She left to work as a planner for the Chicago Health Systems Agency in the maternal and child health area, but saw little future there, either. Inspired by her younger sister, Bonnie, who attended Harvard Law School, Litt began considering law. “I was dealing with a lot of lawyers. I saw what they did and got to see how they worked. … I was impressed,” Litt says. “I thought that would be a good career path for me. I just got started a little later than most.”

At age 29, Litt entered Harvard Law School. “I always wanted to be a litigator,” she says. “That’s how I saw law.”

She did a summer clerkship at Reuben & Proctor, where she was hired after graduation, taking on a variety of cases, from trademark and copyright matters to complex business litigation. Then she was assigned to work with Schopf on the Liquid Air case. “By the time we got to that trial, she had mastered RICO law, which was in its infancy,” Schopf says. “We spent two days arguing instructions to the jury. I let Paula take the lead on that, and by the end of the trial I had across-the-board confidence in her.”

For Litt, that made all the difference. “I think it’s enormously important in your young career to have people who believe in you, and who are willing to give you opportunity and willing to tell you if they need something more from you,” she says.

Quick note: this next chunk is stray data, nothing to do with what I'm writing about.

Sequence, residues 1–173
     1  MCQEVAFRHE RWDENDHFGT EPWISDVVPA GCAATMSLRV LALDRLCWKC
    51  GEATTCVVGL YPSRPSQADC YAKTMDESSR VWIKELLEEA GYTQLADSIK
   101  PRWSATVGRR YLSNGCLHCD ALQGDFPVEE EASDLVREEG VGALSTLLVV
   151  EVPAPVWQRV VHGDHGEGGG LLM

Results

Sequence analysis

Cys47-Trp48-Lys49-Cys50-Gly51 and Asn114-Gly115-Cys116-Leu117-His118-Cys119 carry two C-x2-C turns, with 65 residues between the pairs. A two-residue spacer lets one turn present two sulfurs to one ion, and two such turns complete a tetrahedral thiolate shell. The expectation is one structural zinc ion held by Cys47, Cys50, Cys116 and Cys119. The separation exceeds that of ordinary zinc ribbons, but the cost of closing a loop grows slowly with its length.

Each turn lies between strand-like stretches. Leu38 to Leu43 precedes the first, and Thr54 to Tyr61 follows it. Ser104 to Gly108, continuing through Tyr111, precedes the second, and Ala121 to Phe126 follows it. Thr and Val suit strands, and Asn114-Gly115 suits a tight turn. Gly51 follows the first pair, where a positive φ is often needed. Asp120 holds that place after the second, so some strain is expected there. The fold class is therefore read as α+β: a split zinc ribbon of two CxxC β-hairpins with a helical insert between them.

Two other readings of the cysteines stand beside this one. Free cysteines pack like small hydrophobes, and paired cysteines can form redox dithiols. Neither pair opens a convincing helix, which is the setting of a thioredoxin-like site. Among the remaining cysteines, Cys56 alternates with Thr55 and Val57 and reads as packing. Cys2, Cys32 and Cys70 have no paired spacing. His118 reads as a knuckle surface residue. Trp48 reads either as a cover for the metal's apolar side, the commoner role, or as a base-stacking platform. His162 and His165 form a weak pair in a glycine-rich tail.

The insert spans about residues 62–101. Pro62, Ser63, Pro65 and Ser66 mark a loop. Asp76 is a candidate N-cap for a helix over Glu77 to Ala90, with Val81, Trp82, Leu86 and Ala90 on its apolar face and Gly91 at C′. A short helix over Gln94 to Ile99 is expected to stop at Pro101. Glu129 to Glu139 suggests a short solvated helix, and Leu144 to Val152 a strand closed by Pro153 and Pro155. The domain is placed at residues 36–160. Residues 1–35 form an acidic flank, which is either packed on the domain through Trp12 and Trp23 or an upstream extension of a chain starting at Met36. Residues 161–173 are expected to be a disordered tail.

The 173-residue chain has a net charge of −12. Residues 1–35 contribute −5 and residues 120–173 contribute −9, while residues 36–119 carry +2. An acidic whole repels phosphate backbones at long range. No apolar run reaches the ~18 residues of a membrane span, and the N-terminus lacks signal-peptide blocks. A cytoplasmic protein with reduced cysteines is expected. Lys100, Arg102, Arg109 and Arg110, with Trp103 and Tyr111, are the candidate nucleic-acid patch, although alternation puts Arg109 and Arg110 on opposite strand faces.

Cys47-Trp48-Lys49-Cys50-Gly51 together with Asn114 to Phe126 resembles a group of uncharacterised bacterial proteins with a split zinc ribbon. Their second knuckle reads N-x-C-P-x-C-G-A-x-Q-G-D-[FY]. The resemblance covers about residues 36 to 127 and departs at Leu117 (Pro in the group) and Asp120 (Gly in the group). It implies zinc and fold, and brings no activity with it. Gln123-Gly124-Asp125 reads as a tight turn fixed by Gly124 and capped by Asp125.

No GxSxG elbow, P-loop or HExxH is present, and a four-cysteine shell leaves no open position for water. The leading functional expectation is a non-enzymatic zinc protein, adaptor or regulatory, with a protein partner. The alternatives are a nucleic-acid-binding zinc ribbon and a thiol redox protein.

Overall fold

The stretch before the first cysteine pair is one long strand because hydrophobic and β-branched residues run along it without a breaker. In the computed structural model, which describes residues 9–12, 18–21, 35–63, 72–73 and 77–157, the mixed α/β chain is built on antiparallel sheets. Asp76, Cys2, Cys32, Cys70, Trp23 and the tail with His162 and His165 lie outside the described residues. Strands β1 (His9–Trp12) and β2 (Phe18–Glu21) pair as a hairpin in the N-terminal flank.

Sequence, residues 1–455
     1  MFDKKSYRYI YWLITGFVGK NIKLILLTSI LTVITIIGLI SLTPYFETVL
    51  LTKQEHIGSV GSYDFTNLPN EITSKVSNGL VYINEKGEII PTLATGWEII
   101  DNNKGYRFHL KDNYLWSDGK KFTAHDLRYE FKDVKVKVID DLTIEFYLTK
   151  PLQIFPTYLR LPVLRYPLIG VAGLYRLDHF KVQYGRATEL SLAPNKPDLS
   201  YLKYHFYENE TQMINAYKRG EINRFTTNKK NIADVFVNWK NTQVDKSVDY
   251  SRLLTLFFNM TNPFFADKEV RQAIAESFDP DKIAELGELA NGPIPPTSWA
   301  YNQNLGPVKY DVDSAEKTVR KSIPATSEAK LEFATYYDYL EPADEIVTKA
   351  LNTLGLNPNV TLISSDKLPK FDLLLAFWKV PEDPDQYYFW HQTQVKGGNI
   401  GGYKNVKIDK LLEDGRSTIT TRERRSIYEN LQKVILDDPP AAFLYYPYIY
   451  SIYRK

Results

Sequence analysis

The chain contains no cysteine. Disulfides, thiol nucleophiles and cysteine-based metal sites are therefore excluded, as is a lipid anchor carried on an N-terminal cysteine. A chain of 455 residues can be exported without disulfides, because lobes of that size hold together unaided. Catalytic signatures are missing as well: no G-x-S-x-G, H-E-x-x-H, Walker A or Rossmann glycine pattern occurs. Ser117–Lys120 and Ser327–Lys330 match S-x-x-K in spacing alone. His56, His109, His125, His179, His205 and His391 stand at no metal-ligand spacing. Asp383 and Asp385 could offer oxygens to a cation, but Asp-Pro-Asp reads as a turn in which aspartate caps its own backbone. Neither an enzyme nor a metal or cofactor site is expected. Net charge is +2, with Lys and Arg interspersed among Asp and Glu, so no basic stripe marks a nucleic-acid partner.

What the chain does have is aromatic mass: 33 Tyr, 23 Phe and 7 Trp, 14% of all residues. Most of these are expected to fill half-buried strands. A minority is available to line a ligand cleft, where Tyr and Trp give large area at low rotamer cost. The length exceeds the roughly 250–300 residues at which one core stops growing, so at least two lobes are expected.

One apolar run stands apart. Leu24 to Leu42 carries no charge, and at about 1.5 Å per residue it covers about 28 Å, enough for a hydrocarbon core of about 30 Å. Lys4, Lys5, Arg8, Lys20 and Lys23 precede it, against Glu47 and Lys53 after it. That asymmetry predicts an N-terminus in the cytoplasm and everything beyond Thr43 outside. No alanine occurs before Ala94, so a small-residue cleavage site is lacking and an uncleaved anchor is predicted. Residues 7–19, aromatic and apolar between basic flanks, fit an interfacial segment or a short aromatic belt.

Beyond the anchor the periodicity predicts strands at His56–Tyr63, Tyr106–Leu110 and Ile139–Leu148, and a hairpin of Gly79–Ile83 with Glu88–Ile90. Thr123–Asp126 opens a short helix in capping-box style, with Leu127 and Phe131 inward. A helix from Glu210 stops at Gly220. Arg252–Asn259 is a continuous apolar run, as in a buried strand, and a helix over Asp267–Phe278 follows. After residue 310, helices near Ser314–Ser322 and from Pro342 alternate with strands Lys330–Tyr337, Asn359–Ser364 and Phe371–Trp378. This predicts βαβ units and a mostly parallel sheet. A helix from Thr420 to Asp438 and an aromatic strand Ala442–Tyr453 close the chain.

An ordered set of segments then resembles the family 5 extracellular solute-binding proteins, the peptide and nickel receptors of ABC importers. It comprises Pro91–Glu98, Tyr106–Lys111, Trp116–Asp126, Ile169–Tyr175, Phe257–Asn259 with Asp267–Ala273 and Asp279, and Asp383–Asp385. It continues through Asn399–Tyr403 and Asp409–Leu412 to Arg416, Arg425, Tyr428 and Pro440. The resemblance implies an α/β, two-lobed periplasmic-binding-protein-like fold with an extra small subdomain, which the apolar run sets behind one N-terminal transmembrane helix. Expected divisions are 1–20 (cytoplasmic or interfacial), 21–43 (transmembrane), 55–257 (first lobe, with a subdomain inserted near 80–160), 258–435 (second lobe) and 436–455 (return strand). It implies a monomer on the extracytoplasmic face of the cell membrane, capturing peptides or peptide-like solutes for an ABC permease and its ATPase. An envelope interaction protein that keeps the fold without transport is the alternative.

When Schopf asked Litt to join his new firm, she was willing to take a risk. The new boutique set up shop in the former Chicago Boys Club office, a long, skinny five-story building that the partnership bought. Litt recalls coming to work one day and seeing Schopf hanging out a window, installing an air-conditioning unit. They did not have a receptionist at first, so the attorneys had to run downstairs to answer the door. “It had the feeling of Mickey Rooney and Judy Garland: ‘Let’s put on a show,’” Litt says. “It was a great adventure.”

Liquid Air moved with Schopf and Litt to their new firm. John Baird, retired general counsel for Liquid Air, says when it came to break-the-bank cases, it wasn’t always easy to sell this small Chicago firm to his superiors at the global, multibillion-dollar company. “They would say, ‘Schopf & Weiss?’  Who ever heard of them? Are they at the top of the biggest building in town?’ ‘No,’ I would say, ‘they’re at the smallest.’”